The last time LeBron James missed the playoffs

By Vincent Frank
Mandatory Credit: Justin Ford-USA TODAY Sports

LeBron James and the Los Angeles Lakers were officially eliminated from playoff contention following Friday night’s loss to the Brooklyn Nets.

This marks the end of an era. The last time LeBron James missed the playoffs was all the way back in 2004-05 — his second year in the league. In fact, James has appeared in each of the past eight NBA Finals. Simply remarkable.

Los Angeles’ elimination got us thinking. What was happening around the world the last time James didn’t appear in the NBA Playoffs?

So many things have changed.

NFL Draft: Two teams changed forever.

  • Selecting No. 1 overall in the 2005 NFL Draft, the San Francisco 49ers had a decision to make. Would they pick 49ers fan and CAL product Aaron Rodgers No. 1 overall?
  • The other option was a mobile quarterback in Alex Smith who just led Utah to a major bowl game.
  • In the end, San Francisco went with Smith over Rodgers — one of the biggest mistakes in franchise history.
  • The rest is history itself. Rodgers has led Green Bay to eight playoff appearances and a Super Bowl. Under Smith, San Francisco made the playoffs just once before he was jettisoned in favor of Colin Kaepernick.

Movies: A different generations of blockbusters.

  • “Shrek 2” premiered and netted the year’s biggest payday at $436 million. For comparison’s sake, 2018’s biggest movie was the “Black Panther” and netted over $700 million in returns.
  • The Academy Awards were presented in February with Chris Rock hosting. “Million Dollar Baby” came away with best picture while Clint Eastwood won best director.
  • Jamie Foxx came away with best actor for his portrayal of legendary musician Ray Charles.
  • Meanwhile, Hillary Swank and Morgan Freeman got supporting actor nods for the above-mentioned “Million Dollar Baby.”

A big year for music: Mariah Carey, Gwen Stafani dominate Billboard.

  • Some of you are too young to even remember when Stafani’s “Hollaback Girl” was all the rage. You couldn’t turn on MTV (remember that?) without hearing the song.
  • For her part, Carey’s “We Belong Together” was No. 1 on the Billboard list. “Shake it Off” also finished in the top 15.
  • Remember Green Day? The rock band released one of its greatest singles, “Boulevard of Broken Dreams” in 2005. It finished No. 7 on the Billboard Top 100.

Hunter S. Thompson: The counter-culture hero commits suicide.

  • Known for Gonzo journalism and the epic book “Fear and Loathing in Las Vegas,” Thompson committed suicide by virtue of a gun shot wound at the age of 67.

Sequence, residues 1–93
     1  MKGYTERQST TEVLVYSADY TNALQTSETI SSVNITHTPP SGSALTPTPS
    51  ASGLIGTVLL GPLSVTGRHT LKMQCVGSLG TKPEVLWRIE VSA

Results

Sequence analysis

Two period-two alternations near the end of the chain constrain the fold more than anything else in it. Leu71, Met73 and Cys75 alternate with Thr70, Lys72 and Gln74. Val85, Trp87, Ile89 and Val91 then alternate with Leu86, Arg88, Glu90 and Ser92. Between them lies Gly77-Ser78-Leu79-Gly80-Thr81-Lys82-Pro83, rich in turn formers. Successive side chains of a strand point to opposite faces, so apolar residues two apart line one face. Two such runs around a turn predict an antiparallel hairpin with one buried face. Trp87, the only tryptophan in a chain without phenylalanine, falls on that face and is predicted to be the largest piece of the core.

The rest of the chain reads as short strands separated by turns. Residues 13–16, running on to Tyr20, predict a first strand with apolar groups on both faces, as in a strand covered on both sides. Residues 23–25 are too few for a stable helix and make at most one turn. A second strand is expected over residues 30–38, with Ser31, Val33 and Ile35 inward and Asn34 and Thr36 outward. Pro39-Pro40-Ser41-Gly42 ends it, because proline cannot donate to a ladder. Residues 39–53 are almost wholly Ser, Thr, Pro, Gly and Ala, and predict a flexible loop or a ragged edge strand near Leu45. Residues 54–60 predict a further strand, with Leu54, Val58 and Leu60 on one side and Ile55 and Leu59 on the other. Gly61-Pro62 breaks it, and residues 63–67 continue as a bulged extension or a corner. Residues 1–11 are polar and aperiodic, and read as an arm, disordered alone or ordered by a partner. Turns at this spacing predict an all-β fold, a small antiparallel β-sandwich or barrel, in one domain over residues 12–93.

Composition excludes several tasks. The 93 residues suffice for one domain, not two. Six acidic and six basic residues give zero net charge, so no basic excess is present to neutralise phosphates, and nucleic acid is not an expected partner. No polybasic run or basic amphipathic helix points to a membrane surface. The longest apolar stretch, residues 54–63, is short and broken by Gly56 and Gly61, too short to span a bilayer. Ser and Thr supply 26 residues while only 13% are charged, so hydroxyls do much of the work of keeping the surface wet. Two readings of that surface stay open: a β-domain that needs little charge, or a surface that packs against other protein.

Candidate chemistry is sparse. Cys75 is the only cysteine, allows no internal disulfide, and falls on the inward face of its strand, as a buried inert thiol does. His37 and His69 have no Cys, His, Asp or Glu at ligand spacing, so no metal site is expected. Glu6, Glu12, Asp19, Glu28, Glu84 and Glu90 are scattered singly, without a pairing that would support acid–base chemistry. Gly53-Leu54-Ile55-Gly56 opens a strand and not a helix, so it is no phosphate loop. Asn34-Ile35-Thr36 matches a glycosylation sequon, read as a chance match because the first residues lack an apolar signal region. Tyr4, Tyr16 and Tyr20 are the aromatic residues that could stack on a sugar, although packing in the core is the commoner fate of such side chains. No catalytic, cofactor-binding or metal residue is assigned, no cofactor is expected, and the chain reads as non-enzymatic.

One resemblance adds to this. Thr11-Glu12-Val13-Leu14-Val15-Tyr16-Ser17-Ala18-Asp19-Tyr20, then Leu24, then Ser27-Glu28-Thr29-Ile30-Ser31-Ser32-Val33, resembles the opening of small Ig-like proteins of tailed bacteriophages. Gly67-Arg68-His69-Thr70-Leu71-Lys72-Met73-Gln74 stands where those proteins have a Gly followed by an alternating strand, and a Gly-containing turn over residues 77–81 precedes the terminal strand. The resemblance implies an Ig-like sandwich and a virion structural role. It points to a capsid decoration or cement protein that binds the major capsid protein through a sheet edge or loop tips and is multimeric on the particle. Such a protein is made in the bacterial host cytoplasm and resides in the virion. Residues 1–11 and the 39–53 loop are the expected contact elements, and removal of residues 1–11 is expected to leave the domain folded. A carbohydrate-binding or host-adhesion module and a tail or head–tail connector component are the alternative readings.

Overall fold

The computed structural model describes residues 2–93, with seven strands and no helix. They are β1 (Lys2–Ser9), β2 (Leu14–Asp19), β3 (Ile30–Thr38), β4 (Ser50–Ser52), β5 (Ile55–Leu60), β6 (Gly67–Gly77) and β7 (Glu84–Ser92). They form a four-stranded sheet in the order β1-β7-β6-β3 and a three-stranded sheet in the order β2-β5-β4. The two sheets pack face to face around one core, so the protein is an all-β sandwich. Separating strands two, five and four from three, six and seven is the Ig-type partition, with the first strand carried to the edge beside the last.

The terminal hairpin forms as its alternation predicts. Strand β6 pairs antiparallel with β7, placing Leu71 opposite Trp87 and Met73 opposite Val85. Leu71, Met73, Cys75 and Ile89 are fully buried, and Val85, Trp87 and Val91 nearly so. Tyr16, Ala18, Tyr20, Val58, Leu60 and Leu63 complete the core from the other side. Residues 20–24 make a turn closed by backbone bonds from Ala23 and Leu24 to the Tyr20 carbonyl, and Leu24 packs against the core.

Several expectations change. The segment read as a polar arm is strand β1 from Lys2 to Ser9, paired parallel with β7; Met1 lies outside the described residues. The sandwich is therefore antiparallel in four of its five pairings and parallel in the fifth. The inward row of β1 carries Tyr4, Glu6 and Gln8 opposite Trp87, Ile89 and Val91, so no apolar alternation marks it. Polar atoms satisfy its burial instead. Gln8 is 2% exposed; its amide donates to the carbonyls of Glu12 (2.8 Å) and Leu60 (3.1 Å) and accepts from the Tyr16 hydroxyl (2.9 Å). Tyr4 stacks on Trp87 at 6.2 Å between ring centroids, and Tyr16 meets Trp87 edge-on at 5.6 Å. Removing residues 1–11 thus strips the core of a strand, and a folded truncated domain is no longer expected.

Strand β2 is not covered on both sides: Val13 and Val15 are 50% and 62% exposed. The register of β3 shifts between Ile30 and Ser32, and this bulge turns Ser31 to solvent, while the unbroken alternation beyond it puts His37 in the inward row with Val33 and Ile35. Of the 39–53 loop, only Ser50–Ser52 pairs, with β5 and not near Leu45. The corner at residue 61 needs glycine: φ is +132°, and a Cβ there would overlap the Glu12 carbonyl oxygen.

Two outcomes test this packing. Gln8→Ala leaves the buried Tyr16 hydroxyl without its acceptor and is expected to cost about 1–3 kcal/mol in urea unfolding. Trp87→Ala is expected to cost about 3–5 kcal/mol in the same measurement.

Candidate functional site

• Thompson — an avid football fan — was apparently depressed that the NFL season was over. The legendary writer was in the midst of writing a piece for ESPN.

“No More Games. No More Bombs. No More Walking. No More Fun. No More Swimming. 67. That is 17 years past 50. 17 more than I needed or wanted. Boring,” Thompson’s suicide note read. “I am always bitchy. No Fun — for anybody. 67. You are getting Greedy. Act your age. Relax — This won’t hurt.”

American television defined by idol: Show dramatically changed the landscape of TV.

  • Sure the likes of “Survivor” were the rage in 2005. However, it was “American Idol” that took the cake. It represented three of the top-five highest-rated episodes for the year.
  • Carrie Underwood won the contest — leading to one of the biggest ascensions in modern American history.
  • Since then, she’s won seven Grammy awards, 13 American Music awards and has sold north of 16 million albums. Not bad for the Muskogee, OK. native.

Hurricane Katrina: A national nightmare.

  • The worst natural disaster in American history took place in August of 2005 when Hurricane Katrina hit New Orleans and the surrounding areas.
  • Response from the American political established — President George W. Bush included — was slow. It led to over 1,800 deaths and the destruction of an entire city.
  • Some argue that Katrina is the first real example of climate change having a real impact on American lives.
  • NBC aired a benefit concert, at which point Kanye West said “George Bush doesn’t care about black people.”

Tom Brady’s legend grows: Quarterback wins third Super Bowl.

  • Brady’s Super Bowl win over Philadelphia marked the third of his career. He’s since won three more — a record for an individual player in NFL history.
  • In an interesting turn, Brady’s third Super Bowl loss would come against the Eagles back in February of 2018.
  • Just to show how dominant Brady has been in his career, the eventual Super Bowl LII MVP — Nick Foles — was just 13 years old when Brady won his first Lombardi.

Technology: A completely different time.

  • iPhone didn’t exist. Instead, Apple’s biggest technological advancement was the now defunct iPad. Imagine existing without a smartphone.
  • The Xbox 360 was released in November of 2005. Since then, Microsoft has released just one video game platform. Now, most gamers simply play online. That was a niche thing back in 2005.
  • HD televisions were first starting to become a thing in the states with JVC’s 61-incher going for a cool $7,000.

NBA’s landscape was completely different: The Golden State Warriors’ lean years.

  • Back in 2005, Golden State was finishing up its 11th consecutive losing season. Eventual three-time NBA champion Stephen Curry was a mere blimp on our radar at 17 years old.
  • Rookie of the Year candidates Trae Young and Luka Doncic were just six years old. Meanwhile, James’ current teammate Lonzo Ball was just eight years old.
  • The eventual NBA champion San Antonio Spurs were led by the now 42-year-old Tim Duncan. Steve Nash won the MVP while Allen Iverson was the league’s leading scorer.